I need to drop the political line of thought for this week and go back to the obesity issue. My motivation to do this comes from one of my Open Heart Recovery nurses. Having read my blogs about our national weight problem, this nurse commented that I must not like fat people.
Whoa. Stop the train.
My commentary had nothing to do with my likes or dislikes. Interpreting what I said as an expression of my disdain for the calorically enhanced is a convenient tool for dismissing my comments so that one need not confront the truth of them. I have lots of friends. If you looked at them as a group, their weight distribution would parallel that of the general population. I don’t use weight as a friendship filter.
Between my personal background and my professional one, I have been aware of the brevity and fragility of one’s health and existence since I was very young. Being a heart surgeon, I am certainly far more sensitized to the consequences of a lifetime of bad healthcare decisions. It’s what I deal with every day.
Good health is a gift. Perhaps the most overlooked gift. Its value is never recognized until it’s taken away. Only then do we develop the insight we should have had all the way along.
Chronically overeating is painless. In actuality having a good, big meal is very satisfying. The appeal of this satisfaction seems to be self-reinforcing, so much so that most people seem to be unable to restrain their portion sizes on their own.
How much you eat is regulated by you and you alone. My big thing is personal responsibility for one’s health. This is something I preach every day when I’m seeing patients in the office.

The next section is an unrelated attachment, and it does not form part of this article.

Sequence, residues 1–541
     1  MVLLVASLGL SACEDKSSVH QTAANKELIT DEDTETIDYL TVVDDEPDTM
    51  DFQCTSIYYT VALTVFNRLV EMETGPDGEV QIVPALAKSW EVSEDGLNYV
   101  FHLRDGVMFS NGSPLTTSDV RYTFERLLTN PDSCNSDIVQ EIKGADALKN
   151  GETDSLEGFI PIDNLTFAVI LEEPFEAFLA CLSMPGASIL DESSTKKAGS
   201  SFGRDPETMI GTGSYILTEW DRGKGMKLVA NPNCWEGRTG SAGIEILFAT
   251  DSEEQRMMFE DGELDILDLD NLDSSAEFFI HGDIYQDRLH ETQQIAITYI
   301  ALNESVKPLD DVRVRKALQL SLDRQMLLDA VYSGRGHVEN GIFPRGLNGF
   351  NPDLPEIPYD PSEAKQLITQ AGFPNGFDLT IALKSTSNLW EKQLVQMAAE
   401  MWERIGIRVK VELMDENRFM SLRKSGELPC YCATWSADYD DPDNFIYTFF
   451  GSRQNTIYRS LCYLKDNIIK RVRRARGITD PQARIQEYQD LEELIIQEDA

As a country, we’re all in this together. Our healthcare industry is a resource with tremendous capability by limited capacity. We need to use it and the insurance industry that supports it with a constant eye to this fact.
Insurance is fundamentally a shared risk pool. We all contribute to it so that in the event of some unforeseen event, it will be there for us. If those among us intentionally pursue behaviors that knowingly increase the odds of a significant health problem, they are selfishly using more of the limited capacity of the healthcare industry. The word selfish would disappear from the previous sentence if those same individuals contributed to the insurance pool in an amount proportionately aligned with their anticipated need for future care.
We all would like to think that the problems with our healthcare are someone else’s fault. That’s easy. That’s convenient. That gets each of us off the hook from having to face the fact that maybe, just maybe we may be part of the problem by how we treat ourselves.
I’ll be out next week. I’m entered in the One Lap of America race. I use this race as an opportunity to raise money for and increase awareness of the American Heart Association. It’s a blast. Follow me in my #20 blue and white Mustang GT as we cover between four and five thousand miles next week. The car magazine “Motor Trend” will be covering the event again this year. They will be updating their coverage of the race daily on their web site.
And, yes, I really try to eat healthy stuff when we’re on the road. It’s not easy. But it’s worth it.